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Home > Main Library > Law and Constitution > International Law > Burma/Myanmar's international legal obligations
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Burma/Myanmar's international legal obligations

  • Burma/Myanmar's obligations under the UN Charter and customary international law

    • Burma/Myanmar's obligations under the UN Charter and customary international law (commentaries)
      Look in the section on the UN System for the UN resolutions on the situation of human rights in Myanmar and the reports to the General Assembly and Commission on Human Rights of the Special Rapporteurs on Myanmar.

      Individual Documents

      Title: Myanmar: Justice on Trial
      Date of publication: 30 July 2003
      Description/subject: "On 22 May 2003 Amnesty International submitted a 29-page memorandum to the State Peace and Development Council (SPDC, Myanmar's military government), in order to provide the SPDC with the opportunity to comment on and to clarify various issues about the administration of justice raised in the document. The Memorandum reflected the organization's findings during its first visit to the country from 30 January to 8 February 2003, and drew on its institutional knowledge and expertise about both international human rights standards and human rights in Myanmar. The text of the original Memorandum has now been updated to reflect comments from the SPDC, which were received by Amnesty International on 9 July 2003. The updated Memorandum forms the text of this document, along with a summary of the current human rights situation in Myanmar... Since the submission of the Memorandum to the SPDC on 22 May, political tensions escalated sharply during a National League for Democracy (NLD) tour of Upper Myanmar, culminating in a violent attack on NLD leaders on 30 May. What follows below is a summary of both the attack and the subsequent deterioration in the human rights situation in Myanmar. Daw Aung San Suu Kyi, NLD General Secretary, U Tin Oo, NLD Vice Chairman, and other NLD members had been travelling in Upper Myanmar, with the prior permission of the SPDC, during the month of May. As larger and larger crowds gathered to see the NLD leaders, tension increased between the NLD and the Union Solidarity Development Association (USDA), an organization established, organized, and supported by the SPDC.(1) NLD members and supporters were reportedly harassed, intimidated, and threatened by USDA members in various locations as they attempted to conduct their legitimate political party activities, including giving speeches and opening local NLD offices. However the SPDC reportedly did very little to diffuse tensions between the USDA and the NLD. While Amnesty International acknowledges the universal right to peacefully assemble and conduct protest demonstrations, the actions of the USDA went beyond such non-violent expressions of dissent. .."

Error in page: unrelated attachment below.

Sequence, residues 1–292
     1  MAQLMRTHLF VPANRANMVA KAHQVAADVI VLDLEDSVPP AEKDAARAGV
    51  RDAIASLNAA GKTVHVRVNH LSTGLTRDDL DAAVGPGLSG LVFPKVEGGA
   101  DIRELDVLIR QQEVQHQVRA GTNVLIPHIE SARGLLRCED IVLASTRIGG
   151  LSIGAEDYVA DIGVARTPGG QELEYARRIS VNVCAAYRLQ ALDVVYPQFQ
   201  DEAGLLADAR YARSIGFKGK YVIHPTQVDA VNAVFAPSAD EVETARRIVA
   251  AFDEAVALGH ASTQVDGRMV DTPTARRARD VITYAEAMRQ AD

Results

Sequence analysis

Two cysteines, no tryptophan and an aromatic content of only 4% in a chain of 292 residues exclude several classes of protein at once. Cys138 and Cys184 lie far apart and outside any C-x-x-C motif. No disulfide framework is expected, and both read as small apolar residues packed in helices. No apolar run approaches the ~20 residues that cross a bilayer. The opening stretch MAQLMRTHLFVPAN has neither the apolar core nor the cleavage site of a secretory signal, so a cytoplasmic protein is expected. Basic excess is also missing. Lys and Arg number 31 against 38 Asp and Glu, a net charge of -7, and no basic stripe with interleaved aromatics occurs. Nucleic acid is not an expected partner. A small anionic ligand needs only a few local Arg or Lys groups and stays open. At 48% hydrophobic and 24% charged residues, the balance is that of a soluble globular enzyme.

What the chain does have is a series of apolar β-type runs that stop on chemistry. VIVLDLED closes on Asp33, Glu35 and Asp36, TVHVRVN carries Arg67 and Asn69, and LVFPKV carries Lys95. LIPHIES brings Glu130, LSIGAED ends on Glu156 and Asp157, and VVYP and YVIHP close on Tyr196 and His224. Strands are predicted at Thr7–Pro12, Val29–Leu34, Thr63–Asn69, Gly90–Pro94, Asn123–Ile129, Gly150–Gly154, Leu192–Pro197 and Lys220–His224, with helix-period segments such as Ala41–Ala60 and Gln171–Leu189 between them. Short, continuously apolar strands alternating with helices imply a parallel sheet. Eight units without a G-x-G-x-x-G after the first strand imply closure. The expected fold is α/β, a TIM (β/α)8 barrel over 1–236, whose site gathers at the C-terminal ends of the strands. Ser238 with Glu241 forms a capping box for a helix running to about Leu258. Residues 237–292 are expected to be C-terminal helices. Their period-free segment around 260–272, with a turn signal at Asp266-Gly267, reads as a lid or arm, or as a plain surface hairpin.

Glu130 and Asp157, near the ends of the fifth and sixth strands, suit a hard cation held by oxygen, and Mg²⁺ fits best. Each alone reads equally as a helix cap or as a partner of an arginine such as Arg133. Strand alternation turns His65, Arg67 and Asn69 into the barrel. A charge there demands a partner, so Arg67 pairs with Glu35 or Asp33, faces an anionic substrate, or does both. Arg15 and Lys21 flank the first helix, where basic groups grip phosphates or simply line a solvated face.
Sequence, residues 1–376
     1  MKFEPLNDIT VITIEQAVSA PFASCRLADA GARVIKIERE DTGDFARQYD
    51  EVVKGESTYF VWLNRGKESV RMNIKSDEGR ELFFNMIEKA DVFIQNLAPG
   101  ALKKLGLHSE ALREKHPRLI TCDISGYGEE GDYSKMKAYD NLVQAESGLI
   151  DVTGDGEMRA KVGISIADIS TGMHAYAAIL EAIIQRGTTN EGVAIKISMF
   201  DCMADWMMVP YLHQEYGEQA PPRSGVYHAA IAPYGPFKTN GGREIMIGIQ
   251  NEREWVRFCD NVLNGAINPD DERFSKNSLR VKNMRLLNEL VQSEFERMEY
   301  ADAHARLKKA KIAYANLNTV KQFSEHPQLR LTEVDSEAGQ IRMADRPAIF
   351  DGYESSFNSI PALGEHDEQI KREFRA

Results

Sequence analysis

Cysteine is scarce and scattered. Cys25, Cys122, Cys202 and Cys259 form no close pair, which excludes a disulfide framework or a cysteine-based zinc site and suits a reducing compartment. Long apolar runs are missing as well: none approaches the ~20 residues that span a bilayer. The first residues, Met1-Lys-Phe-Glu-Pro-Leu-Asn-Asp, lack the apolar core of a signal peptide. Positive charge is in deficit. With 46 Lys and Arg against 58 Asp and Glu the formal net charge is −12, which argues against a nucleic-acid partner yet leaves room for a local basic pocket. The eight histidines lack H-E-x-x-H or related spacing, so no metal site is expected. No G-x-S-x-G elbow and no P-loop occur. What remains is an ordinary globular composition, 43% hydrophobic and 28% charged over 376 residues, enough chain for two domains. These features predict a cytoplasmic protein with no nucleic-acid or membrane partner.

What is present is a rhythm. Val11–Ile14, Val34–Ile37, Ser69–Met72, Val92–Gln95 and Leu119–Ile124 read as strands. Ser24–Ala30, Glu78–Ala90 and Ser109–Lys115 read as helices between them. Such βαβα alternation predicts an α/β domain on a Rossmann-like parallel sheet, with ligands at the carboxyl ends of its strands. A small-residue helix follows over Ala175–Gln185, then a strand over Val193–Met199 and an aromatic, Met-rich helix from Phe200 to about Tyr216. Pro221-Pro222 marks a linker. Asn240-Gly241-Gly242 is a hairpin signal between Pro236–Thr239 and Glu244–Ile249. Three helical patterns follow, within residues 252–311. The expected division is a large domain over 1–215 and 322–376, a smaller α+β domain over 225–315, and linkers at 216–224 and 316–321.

Language: English
      Source/publisher: Amnesty International
      Format/size: html
      Alternate URLs: http://www.amnesty.org/en/library/asset/ASA16/019/2003/en/be1bd333-d6b2-11dd-ab95-a13b602c0642/asa1...
      Date of entry/update: 19 November 2010